The central mechanism for Andre’s idea is a new URL protocol camera: (similar to http:, mailto: or ftp:) that a simple camera application could claim control over. One such built-in protocol on the iPhone is sms:, which lets you easily direct users to send an SMS message. For example, clicking on this link (with URL sms:+12125551212) would switch you over to the SMS application with the phone number already filled in. Here is a handy list of other iPhone-supported protocols. But if you’re not reading this on an iPhone, pressing that link will probably give you an error message.

One of the good design aspects of hyperlinks is they’re not always expected to work, the web is chaotic and broken links are relatively harmless. So it’s certainly okay to offer these links even if they won’t work for everyone. An improved design would allow web applications to detect whether or not a given protocol can be used. That way I could write some JavaScript code to check whether camera: or sms: links are supported, and make the process much more seamless for users. As far as I know (correct me if I’m wrong), such a mechanism doesn’t exist yet. It exists! See update below.

The email workaround

One workaround solution, used by many web applications including Flickr, is to provide a special email address that allows you to upload photos as an attachment. The benefit is that every computer with a browser supports email links, smartphones and otherwise. The downside is the unwieldy sequence of steps you have to follow. In the best case scenario, a user has already saved the web app’s special email address to her contacts:

  1. Switch to the Camera app, take a photo or find the one you want from your library
  2. Press the “utility button” and choose “Email Photo”
  3. Fill in the email address from contacts and press send
  4. Switch back to the browser and wait for the attachment to be received by the web app

A number of factors complicate this process, starting with the initial messaging. The natural thing to say is “Email a photo to upload,” linked with a mailto: URL protocol. But on the iPhone you can’t attach photos from the Mail app, it only works from the Camera side of things. So that “Email a photo” link should probably go to a page that explains the process outlined above, including the important step zero “add our special email address to your contacts.”

Email uploading requires that you’re willing to read a bunch of steps, understand them, and follow them. Additionally, the web application is left with no button that initiates the process and no way of giving feedback about whether it worked or not. If you reload the web app and you see your photo, then it worked. If not, maybe you’ll get a email bounce message. It’s a process that works okay for experienced users, poorly for novices, and that fails ungracefully.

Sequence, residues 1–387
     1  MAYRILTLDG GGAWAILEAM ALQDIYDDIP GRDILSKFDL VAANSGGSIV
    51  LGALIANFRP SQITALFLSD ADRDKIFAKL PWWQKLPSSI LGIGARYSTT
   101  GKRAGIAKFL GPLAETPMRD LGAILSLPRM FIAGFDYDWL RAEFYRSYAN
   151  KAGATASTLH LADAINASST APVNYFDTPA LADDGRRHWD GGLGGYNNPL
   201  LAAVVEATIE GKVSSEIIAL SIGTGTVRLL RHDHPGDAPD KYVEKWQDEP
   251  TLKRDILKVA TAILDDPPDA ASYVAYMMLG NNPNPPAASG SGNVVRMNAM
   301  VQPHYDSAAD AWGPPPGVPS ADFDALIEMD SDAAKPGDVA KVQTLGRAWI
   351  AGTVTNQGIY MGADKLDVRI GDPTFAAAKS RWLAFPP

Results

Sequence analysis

Plus there is the implementation challenge of receiving and parsing email, which is kind of a pain in the ass. As an alternative to Andre’s plan, if somebody wants to write a general purpose email-to-upload service, I would find that pretty useful. Or does this exist already? I haven’t looked very hard.

Compare those steps above to the camera: method (including step zero, “install the Community Camera application”):

  1. Press the “upload photo” link, with its “camera:” URL protocol
  2. Using the native app that appears, take a photo or choose one from your library
  3. When finished, the app switches you back to a page that has useful feedback

This is a better user experience, but it does require that someone go and write that native camera app (and that I install it). And unless there’s some way of checking for camera: support, even this will require some additional explanation.

Multimedia Messaging Service

Yet another solution can be found in SMS, or its more advanced permutation MMS (Multimedia Messaging Service). Using the sms: protocol mentioned above, I could create a link to sms:email@example.com that behaves almost exactly like the email upload method, while avoiding some of its complexity. On the iPhone, you can attach photos from the Messages app, and you can send MMS messages to an email address. And since there’s a link that initiates the process, it allows web apps to give some feedback on the page in response to a click event.

The downside to this method is that it requires the user to have a mobile plan with reasonable rates for sending MMS messages, and could fail ungracefully for users who aren’t fully informed about their mobile plan.

In any case, writing all this up has made me realize web browsers should let you detect whether a given URL protocol is supported. Browser makers, please build that into your next release!